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Fixation Durations During Static Scene Viewing in 6-8-Month-Old High-Risk Infants Relates to ADOS Scores At 36 Months

Saturday, 4 May 2013: 09:00-13:00
Banquet Hall (Kursaal Centre)
S. Wass1, T. Gliga2, E. J. Jones3, T. Charman4 and M. H. Johnson2, (1)MRC CBU, University of Cambridge, Cambridge, United Kingdom, (2)Centre for Brain & Cognitive Development, Birkbeck, University of London, London, United Kingdom, (3)Birkbeck, University of London, London, United Kingdom, (4)Centre for Research in Autism & Education, Institute of Education, London, United Kingdom
Background: Research into the early development of attention in Autism Spectrum Disorders (ASD) has mainly used experimental paradigms such as the gap-overlap task. However, it how remains poorly understood how differences in reaction time latencies on these tasks relate to altered behaviour in more naturalistic contexts, where previous research has suggested that contrasts between ASD and typical development may be most acute (e.g. Speer et al., 2007).

Here, we report a series of analyses that looked at spontaneous fixational eye movement behaviours during the unconstrained viewing of a static scene. These analyses offer a method for bridging the gap between experimental and more naturalistic assessments of attention. 

Objectives: To investigate spontaneous fixational eye movement behaviours in the early development of ASD.

Methods: We measured spontaneous fixational eye movement patterns during viewing of a static scene consisting of a mixture of faces and non-social objects in 6-month-old infants, 45 of whom were at high familial risk of developing ASD (HR) and 47 at low familial risk (LR) (cohort 1). Viewing data was recorded at 50/60Hz using a Tobii 1750/T120 eyetracker. We administered an identical test to an independent cohort of 40 HR and 43 LR infants aged 8 months (cohort 2). Cohort 1 was followed up for outcome characterisation at 36 months, using the Autism Diagnostic Observation Schedule (ADOS).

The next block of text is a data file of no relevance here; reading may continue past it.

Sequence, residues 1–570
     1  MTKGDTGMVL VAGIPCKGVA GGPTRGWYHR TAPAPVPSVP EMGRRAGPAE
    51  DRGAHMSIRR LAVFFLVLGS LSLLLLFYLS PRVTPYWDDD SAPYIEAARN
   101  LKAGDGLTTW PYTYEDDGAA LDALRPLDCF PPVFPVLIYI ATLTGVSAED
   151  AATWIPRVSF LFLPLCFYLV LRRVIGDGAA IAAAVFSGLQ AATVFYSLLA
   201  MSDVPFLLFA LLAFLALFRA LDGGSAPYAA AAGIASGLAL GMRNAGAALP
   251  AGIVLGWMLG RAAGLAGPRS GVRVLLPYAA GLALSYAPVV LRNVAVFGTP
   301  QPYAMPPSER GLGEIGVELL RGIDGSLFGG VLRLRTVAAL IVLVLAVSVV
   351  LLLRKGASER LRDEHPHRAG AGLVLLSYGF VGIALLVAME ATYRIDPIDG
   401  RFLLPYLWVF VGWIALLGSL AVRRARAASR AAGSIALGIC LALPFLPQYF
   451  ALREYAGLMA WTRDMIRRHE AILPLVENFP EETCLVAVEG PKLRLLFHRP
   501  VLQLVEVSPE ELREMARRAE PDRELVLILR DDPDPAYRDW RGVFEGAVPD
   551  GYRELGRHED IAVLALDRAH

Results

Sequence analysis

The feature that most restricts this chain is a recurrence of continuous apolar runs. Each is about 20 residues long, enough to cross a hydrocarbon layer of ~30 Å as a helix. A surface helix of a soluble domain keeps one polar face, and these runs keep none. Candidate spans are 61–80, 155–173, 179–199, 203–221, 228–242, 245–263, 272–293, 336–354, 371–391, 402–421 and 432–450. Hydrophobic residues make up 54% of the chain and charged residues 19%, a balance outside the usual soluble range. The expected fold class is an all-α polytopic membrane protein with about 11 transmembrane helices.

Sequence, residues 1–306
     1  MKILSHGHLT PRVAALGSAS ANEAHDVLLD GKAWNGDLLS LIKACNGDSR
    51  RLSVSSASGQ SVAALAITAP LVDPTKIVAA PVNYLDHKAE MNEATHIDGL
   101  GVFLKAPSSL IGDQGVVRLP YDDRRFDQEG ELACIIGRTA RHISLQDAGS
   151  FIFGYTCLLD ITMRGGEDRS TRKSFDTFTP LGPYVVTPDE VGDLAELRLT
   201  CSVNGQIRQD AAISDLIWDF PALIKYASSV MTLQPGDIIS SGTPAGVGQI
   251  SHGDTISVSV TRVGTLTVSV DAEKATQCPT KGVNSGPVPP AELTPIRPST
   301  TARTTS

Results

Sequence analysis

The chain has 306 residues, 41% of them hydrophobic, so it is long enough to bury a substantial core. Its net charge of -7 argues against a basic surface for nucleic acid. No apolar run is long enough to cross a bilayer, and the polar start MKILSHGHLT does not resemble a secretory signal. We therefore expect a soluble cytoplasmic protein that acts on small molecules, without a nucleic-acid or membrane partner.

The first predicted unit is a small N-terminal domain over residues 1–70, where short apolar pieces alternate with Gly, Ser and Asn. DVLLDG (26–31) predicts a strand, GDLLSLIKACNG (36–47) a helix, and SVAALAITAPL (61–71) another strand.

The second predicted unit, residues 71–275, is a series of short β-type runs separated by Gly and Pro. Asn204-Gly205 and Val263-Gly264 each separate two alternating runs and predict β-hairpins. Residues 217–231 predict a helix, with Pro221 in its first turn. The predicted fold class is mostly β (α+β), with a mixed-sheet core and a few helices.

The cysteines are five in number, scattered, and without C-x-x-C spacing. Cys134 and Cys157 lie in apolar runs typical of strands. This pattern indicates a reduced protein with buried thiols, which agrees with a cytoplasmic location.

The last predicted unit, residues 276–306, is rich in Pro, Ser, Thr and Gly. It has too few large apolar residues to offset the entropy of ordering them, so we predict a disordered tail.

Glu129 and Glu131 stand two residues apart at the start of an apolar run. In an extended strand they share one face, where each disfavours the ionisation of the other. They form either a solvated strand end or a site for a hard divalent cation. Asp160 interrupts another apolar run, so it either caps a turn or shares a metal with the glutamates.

Analysis of fixational eye movement behaviours was performed using previously published Matlab scripts (Wass et al., 2012). Fixations were identified as periods in which the eye remains static (defined as a period of >100ms with no change in reported position of gaze >35 degrees per second during that period). 

Results: For cohort 1, we found that HR infants showed significantly shorter fixation durations than LR infants, even when possible confounds such as number of usable fixations and eyetracker data quality were accounted for. An identical analysis conducted on data from cohort 2 found the same group difference. Between-group differences in fixational eye movements were found to be consistent across fixations targeted at social and at non-social objects. 

We found that shorter fixation durations at 6 months related to higher Autism Diagnostic Observation Scores scores at 36 months, after confounding variables were controlled for. 

Comparison of results from the gap-overlap task showed a significant correlation between shorter fixation duration and faster saccadic orienting times in the baseline (non-competition) condition. 

Conclusions: These results are consistent with the results from Talk 2, in which faster reaction times under non-competition conditions were identified in HR vs LR infants. The findings suggest that abnormalities can be identified in spontaneous attentional orienting behaviours in ASD during the first year of life. 

One possible explanation for these findings is increased vigilance, modulated by short-term changes in arousal (cf e.g. Aston-Jones et al., 1981; de Barbaro et al., 2012). 

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